What does teaching metacognitively look like?

This is an extract from The Metacognition Handbook, which is available on Amazon here.

I have found that one of the greatest challenges in leading teaching and learning is the tendency we have in schools to grab hold of the immediate, easy thing. It is easy to say: here is a checklist of things you must do in the classroom – these are the ingredients of a good lesson. Easy. But not effective in the long term. It isn’t enabling teachers to develop, doesn’t recognise the critical differences between subject disciplines, and is often too focused on ‘initiatives’ and ‘activities’ without really engaging with the long term complexity of the learning process. 

There is nothing wrong with encouraging teachers to plan effective activities in their lessons, but our focus should be less on individual tasks, and more on sustained and interconnected behaviours. For example, I want staff in my school to use metacognitive strategies effectively. If I focus on activities alone, I might show them some different ways they can ‘do’ metacognition: reflective plenary, metacognitive talk, modelling. I might say: please use these activities regularly in your lessons to develop student metacognitive skill.

This would probably work to an extent – teachers would be using pretty effective strategies, and students would likely benefit from them. What happens, though, when those activities aren’t appropriate for the type of knowledge or skill which is being taught in a particular topic? What happens when teachers need to be flexible and responsive in the classroom? I have given them some activities, but I haven’t given them the tools they need to respond in the moment to changes in student need. Their understanding of metacognition is based solely on activities, rather than on their behaviours as a teacher in the classroom and student behaviours as metacognitive learners. 

We need to move from:

I’m using some metacognition in my lessons

I did some metacognition in maths


‘I teach metgacognitively’

‘I learn metacognitievly’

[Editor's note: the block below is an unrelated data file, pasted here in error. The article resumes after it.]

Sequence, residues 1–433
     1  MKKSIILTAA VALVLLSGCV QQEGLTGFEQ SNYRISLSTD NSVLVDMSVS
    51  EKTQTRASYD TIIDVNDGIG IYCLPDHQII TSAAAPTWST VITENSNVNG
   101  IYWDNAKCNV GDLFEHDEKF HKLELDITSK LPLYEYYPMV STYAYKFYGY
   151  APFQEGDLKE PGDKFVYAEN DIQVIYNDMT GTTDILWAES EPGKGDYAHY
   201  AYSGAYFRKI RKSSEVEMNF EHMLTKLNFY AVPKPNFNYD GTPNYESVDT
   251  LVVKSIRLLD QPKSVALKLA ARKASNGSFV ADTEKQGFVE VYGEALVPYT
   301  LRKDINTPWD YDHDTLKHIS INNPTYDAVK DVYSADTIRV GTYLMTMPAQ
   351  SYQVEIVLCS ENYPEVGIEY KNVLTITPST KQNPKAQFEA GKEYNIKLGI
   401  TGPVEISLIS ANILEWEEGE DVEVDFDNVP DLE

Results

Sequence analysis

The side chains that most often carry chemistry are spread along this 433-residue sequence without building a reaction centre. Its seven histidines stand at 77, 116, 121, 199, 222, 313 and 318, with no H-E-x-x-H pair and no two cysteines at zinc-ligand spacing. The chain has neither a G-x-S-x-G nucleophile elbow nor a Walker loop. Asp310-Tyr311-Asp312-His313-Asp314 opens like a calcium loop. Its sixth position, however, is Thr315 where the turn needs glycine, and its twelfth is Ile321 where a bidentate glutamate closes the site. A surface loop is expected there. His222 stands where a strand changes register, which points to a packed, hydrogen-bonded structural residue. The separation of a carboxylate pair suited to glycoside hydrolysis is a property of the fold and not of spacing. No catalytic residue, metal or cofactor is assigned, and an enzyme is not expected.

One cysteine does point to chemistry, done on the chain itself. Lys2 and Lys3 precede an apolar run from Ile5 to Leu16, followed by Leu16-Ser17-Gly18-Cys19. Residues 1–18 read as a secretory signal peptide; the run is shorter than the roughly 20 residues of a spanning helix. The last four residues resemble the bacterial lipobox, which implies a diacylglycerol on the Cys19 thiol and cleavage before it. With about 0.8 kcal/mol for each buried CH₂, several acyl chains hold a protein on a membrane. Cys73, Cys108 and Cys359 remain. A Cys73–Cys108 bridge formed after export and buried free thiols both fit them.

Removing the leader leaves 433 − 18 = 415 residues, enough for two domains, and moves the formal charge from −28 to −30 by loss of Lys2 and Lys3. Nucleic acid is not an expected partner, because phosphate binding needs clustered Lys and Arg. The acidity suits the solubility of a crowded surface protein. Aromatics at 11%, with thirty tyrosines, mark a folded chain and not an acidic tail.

How do you train students to be metacognitive?

There are many different structures in existence for teaching metacognition. Perhaps the most well known is ‘plan, monitor, evaluate,’ where students plan a strategy, monitor their performance during the task, and then evaluate its success. This works in a cycle, and students are able to then apply their evaluation to the planning of their next task.

This is an effective approach, but I prefer to use: comprehension – connection – strategy – reflection, based on the work of Tova Michalsky. Put simply this approach teaches students to:

  • Identify what they understand about the task/topic/information (COMPREHENSION)
  • Make links between this task/topic/information and things they have seen before (CONNECTION)
  • Identify the best approach they can use to complete the task (STRATEGY)
  • Evaluate how successful their approach was and how they felt about it (REFLECTION)

I prefer this approach because it is more closely aligned with what we know about how the brain learns.

How the brain learns…

The comprehension, connection and strategy elements of Michalsky’s approach are very much in concert with how we learn. These cognitive processes also explain to us why repetition and recall works: we strengthen neural pathways every time we engage with a piece of knowledge. This doesn’t just work for knowledge, but for behaviours, too. When you practise a skill, your neural pathways associated with that skill are strengthened and the task becomes easier. Over time, those actions might become automated and unconscious. If students are regularly practising metacognitive skills, such as making explicit connections between new and prior learning, and independently selecting strategies to succeed in tasks, these skills will eventually become second nature to them.

How do you train students to be metacognitive? It all starts with questioning.

Questioning is the most powerful tool we have in the classroom. We can pose questions to explore, to probe, to challenge, to push, to give feedback, to change direction, to test, to encourage. Our aim in metacognition is to train students to ask themselves a series of internal questions when they are working. 

I use Knowledge, Regulation, Motivation to structure my questioning in the following way:

For a host of practical strategies and evidence-informed advice on metacognition, you can get The Metacognition Handbook here.


Integrating Skills and Wills Instruction in Self-Regulated Science Text Reading for Secondary Students, Tova Michalsky, International Journal of Science Education, 2013, vol 35, no. 11, 1846-1873

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